As most people know, the best science fiction isn’t really about the science or the fiction. Great science fiction uses these to tell a story, a human story. The Time Machine, The Day the Earth Stood Still (Original), and even the more recent Minority Report all try to tell us something about ourselves.

District 9 directed by Neill Blomkamp and produced by Peter Jackson is really really good science fiction. Ostensibly District 9 is about the plight of a large group of aliens who have become stranded on Earth in Johannesburg, South Africa. Marooned for twenty years and confined to slums, the locals are fed up with their presence. The decision is made to relocate the 1.8 million aliens, derisively called “prawns” for the appearance and designation as bottom feeders, to a camp some 200 kilometers away from the city. Our protagonist Wikus van der Merwe works for MNU, a soulless multinational corporate behemoth, and is charged with the eviction and relocation of the 1.8 million “prawns.”

In fact, what District 9 is really about is that when a particular group has been sufficiently dehumanized, being a cog in the machine of evil is rather easy. Of course, most of those cogs do not realize that they are participating in a massive and grave evil. The aliens are forced to live in deplorable garbage ridden slums infested with many predators of the human kind. Nigerians who terrorize and scam them, a public which scorns them, and a corporation frustrated by its inability to exploit them. The aliens, you see, have very advanced weaponry but it can only be used by the aliens themselves. Since they are of little use to anyone, MNU and our protagonist laugh as they abort dozens of growing eggs. Later when the MNU and its military component are annoyed by a small child alien one of the soldiers makes as if to shoot him only to be stopped by Wikus saying “No you can’t shoot him now, he is too big. It is against the law. That’s why you have to abort them”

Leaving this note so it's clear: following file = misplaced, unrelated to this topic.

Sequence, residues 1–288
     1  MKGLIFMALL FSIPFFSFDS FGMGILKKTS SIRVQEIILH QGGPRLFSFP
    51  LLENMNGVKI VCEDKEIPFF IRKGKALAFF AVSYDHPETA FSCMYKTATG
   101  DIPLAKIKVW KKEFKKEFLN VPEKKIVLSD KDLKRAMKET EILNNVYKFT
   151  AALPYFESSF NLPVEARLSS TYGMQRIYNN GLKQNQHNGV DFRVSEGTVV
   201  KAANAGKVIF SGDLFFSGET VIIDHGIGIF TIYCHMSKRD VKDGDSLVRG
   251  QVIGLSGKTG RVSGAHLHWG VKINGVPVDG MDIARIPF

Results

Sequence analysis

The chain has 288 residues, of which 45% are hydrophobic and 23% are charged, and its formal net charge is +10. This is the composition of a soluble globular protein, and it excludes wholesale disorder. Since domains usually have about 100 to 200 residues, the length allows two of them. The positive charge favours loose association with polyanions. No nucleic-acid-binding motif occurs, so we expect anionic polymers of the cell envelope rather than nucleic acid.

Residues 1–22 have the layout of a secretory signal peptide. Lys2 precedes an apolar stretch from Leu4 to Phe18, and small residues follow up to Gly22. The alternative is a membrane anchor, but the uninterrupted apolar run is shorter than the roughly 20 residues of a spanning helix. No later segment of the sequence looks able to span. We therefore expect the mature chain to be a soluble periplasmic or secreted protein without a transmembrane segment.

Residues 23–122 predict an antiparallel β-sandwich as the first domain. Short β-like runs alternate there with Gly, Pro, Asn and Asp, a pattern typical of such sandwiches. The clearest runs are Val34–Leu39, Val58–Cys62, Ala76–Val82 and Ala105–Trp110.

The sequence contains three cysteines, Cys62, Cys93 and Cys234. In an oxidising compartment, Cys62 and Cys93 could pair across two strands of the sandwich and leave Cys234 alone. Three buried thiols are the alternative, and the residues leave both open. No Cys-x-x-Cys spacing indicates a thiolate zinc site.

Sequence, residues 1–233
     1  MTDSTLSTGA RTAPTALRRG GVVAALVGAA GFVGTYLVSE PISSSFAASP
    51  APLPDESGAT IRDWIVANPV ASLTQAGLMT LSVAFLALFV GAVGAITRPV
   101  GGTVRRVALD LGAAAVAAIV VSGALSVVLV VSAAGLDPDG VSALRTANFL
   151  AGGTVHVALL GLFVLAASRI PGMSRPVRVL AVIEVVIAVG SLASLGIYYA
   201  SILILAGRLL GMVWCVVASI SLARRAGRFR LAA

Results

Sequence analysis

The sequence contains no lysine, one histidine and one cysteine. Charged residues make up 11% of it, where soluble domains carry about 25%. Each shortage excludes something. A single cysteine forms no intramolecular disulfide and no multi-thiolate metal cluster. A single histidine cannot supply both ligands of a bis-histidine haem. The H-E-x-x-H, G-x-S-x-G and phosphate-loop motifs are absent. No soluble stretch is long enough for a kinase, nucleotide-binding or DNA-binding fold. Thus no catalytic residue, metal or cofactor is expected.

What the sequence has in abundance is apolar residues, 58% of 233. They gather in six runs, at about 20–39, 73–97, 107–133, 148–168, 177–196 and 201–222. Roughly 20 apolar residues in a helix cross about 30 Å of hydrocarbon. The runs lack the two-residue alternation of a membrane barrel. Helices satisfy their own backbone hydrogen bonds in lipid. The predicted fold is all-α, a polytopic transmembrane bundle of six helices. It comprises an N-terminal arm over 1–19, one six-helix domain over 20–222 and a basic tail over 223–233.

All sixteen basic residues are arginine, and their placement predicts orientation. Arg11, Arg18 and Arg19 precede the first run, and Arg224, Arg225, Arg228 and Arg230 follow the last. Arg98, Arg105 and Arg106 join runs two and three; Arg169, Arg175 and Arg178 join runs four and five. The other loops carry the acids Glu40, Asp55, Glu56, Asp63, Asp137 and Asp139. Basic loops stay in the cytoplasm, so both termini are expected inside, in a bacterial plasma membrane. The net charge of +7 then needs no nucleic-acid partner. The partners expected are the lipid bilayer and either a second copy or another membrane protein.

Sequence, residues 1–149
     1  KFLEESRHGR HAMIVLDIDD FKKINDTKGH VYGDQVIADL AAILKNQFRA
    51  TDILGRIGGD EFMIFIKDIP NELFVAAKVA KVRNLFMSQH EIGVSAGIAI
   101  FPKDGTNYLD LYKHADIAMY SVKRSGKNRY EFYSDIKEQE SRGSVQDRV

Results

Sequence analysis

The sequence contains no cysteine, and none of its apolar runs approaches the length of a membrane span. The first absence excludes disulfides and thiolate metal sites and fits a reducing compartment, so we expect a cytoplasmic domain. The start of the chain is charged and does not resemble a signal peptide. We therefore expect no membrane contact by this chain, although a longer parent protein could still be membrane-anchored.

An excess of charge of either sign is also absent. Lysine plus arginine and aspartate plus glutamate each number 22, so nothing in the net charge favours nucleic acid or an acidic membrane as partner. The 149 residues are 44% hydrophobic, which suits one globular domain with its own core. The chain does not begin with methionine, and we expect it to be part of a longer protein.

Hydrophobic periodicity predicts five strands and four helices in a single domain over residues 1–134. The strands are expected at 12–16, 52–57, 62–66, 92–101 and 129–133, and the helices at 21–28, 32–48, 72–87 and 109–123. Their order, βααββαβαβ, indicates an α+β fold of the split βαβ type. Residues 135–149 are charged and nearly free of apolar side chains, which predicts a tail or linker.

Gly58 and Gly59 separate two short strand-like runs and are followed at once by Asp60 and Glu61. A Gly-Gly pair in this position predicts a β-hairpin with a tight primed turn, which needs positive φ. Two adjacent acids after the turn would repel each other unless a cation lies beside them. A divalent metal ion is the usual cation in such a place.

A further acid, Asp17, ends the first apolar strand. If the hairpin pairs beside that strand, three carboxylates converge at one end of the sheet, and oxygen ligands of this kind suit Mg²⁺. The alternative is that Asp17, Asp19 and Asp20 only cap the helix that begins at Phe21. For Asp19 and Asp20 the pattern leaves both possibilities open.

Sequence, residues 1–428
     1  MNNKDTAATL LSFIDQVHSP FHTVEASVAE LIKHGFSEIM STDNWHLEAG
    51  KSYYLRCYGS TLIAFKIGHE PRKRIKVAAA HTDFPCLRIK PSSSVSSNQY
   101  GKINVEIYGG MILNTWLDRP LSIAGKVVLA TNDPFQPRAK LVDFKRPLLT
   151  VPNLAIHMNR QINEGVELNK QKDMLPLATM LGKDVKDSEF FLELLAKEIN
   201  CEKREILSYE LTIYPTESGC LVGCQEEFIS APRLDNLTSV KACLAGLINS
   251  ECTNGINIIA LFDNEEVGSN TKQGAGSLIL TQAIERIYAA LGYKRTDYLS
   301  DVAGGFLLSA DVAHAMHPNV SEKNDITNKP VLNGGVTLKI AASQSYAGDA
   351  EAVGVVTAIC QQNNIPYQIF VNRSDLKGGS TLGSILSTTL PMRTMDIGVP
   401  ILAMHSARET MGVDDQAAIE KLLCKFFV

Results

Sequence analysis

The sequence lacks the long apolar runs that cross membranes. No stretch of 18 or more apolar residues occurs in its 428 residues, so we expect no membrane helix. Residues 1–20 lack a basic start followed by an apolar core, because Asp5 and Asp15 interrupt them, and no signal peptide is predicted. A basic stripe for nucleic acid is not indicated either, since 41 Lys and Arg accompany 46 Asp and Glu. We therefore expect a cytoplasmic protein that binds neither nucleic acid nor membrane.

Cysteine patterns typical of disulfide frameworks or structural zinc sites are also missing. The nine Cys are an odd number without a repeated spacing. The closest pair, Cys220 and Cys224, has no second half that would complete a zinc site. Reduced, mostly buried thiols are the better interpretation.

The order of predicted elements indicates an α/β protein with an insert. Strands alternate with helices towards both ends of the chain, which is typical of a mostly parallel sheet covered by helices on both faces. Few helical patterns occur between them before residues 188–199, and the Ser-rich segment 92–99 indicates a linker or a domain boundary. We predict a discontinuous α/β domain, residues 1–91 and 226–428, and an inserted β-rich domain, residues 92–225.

Wikus (brilliantly portrayed by newcomer Sharlto Copley) is an ambitious bureaucrat who goes about his job happily evicting the aliens to what amounts to a concentration camp. However, a mishap along the way begins to transform him into something else. This something else makes him a target of exploitation (and murder) by MNU and the Nigerian thugs who plague the camps. In desperation he must turn to an alien for help. It is through this journey that he realizes the “humanity” of the aliens and ultimately his own humanity as well.

Obviously, being set in South Africa, the parallels to apartheid are clear. But that is much too simple an understanding. It goes beyond that and helps us to understand how simple evil really is when any group is sufficiently dehumanized and people are just doing their jobs. District 9 does all this while telling a rocking good and often humorous story.

District 9, while very violent and with pervasive foul language, is one of the best science fiction films I have seen and most likely one of the best movies of the year.